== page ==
These principles would be manifested in Fund procedures and utilized in Fund operations. They would be taken into account in the Fund’s consultations with members—the periodic reviews of economic developments in member countries would include consideration of the members’ economic policies and performances against the backdrop of the agreed principles. In addition, Fund policies on transactions would reflect the observance by members of these principles. For example, the principles might be helpful as one of the various factors to be used in assessing a country’s need to draw from the Fund, or, alternatively, a country’s ability to provide credit through the Fund.

At the present time, no member is maintaining a par value in the sense provided for in the Fund’s Articles. The Fund staff has, for the purposes of the Guidelines for Floating, classified member countries into five different categories: (1) floating individually; (2) floating jointly; (3) pegging to a floating currency (individually or jointly); (4) pegging to the (floating) SDR; and (5) pegging to an individual basket of the pegger’s own creation. Even this taxonomy is incomplete: The fifth category (pegging to an individual basket) covers a variety of alternatives, and we have already seen cases of members whose exchange rate policies are guided by trade-weighted baskets, export-weighted baskets, current account baskets, and profitability of the export sector, as well as the unrevealed basket whose makeup is known only to the particular government using it.

This multiplicity of exchange rate techniques is not ipso facto harmful to the world economy or destructive of international trade and prosperity. When several countries shifted from the third above-listed category to the fifth, the move was not of particular international significance—and indeed the moves may have facilitated rather than damaged international equilibrium by relating currency relationships more closely to individual countries’ trade and payments patterns. Any exchange rate mechanism, like any mechanism, is simply a tool, which can be used for good or ill.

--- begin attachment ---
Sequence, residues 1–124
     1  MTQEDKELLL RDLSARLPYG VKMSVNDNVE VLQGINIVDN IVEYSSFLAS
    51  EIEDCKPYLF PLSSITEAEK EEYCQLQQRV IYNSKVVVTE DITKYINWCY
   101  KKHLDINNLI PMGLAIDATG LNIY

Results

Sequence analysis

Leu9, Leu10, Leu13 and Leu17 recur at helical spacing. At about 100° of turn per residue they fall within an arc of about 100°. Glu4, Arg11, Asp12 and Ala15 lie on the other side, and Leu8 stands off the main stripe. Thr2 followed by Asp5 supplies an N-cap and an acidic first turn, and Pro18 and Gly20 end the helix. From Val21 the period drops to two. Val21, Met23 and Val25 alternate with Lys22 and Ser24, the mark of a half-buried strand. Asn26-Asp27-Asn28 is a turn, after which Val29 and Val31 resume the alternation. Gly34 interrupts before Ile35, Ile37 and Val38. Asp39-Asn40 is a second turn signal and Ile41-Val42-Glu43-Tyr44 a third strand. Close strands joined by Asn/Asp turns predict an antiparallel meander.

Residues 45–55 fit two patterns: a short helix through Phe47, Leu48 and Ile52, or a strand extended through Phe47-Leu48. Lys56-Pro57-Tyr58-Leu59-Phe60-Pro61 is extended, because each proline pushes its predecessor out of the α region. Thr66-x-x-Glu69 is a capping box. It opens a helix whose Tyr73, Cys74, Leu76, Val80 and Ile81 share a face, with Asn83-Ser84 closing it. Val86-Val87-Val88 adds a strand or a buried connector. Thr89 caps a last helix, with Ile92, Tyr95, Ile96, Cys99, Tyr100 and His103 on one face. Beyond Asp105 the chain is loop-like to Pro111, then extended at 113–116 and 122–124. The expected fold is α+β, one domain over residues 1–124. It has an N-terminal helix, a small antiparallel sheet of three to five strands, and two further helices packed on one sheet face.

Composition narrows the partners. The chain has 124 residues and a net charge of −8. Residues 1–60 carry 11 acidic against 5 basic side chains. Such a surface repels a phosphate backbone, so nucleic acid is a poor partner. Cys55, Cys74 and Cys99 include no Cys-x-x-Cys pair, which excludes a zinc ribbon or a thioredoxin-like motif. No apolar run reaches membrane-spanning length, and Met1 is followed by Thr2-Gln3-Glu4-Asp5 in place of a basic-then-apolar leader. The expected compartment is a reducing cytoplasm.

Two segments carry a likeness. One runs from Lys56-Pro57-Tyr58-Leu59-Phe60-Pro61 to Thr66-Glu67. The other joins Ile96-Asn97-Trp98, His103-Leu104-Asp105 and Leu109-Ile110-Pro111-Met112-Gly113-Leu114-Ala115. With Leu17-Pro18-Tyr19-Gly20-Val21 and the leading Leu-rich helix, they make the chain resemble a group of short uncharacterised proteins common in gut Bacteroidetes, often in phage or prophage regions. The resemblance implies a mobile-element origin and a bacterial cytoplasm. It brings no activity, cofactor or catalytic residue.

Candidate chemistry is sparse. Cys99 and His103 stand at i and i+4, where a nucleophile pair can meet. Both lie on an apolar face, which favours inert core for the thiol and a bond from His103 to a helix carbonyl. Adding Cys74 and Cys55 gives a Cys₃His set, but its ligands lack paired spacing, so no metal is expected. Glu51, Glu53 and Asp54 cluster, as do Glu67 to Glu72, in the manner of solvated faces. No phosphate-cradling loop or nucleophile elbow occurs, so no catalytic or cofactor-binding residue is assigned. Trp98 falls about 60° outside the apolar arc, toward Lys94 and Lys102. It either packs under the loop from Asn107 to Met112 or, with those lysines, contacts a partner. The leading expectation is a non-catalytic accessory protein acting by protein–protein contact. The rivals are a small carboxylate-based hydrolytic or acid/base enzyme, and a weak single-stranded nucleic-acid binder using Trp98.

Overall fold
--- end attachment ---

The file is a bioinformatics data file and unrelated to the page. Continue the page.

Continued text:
We seek an international monetary system which discourages nations from maintaining exchange rates that are “wrong”—in the sense of being contrary to what is needed for sustainable international payments relationships. The possibility of having the “wrong” exchange rate and the “wrong” exchange rate policies can occur whether a country is technically floating or technically maintaining a par value. Thus, it is not meaningful or theoretically sound to proceed as though there were two separate “systems” of par values and floating, each of which should be subject to its own rules, conventions, and procedures, and one of which should be regarded as morally superior.

We have suggested an alternative approach to Article IV in light of the difficulties we see in the staff draft of Article IV. Specifically, the staff draft, despite some redrafting toward a more evenhanded approach as between par values and floating, nonetheless still seems to us an inappropriate framework for Fund consideration of exchange rates for several reasons:

  • —the draft holds up a purified par value system as the implicit objective, the ideal toward which the world should aim after some interim period, but does not propose other amendments, for example, dealing with balance of payments adjustment, to make such a system viable;

  • —it gives an impression that there is a critical distinction between par value and floating which is operationally significant, calling for different principles and codes of behavior;

  • —it perpetuates—and reaffirms—the idea that the guiding principle for exchange rate changes should be “fundamental disequilibrium,” even though that concept has proved both indefinable and indeterminate except as a truism; and

  • —it calls on the world to rededicate itself to a procedural approach which may or may not prove appropriate to future conditions, and passes up an opportunity to shift the Fund’s attention from matters of procedure to matters of principle and policy.

The sections crossed through with solid lines are proposed deletions to the provisions of the original Articles of Agreement; words underscored indicate proposed insertions; words crossed through with dashed lines indicate deletions after discussion by the Executive Directors of an earlier draft.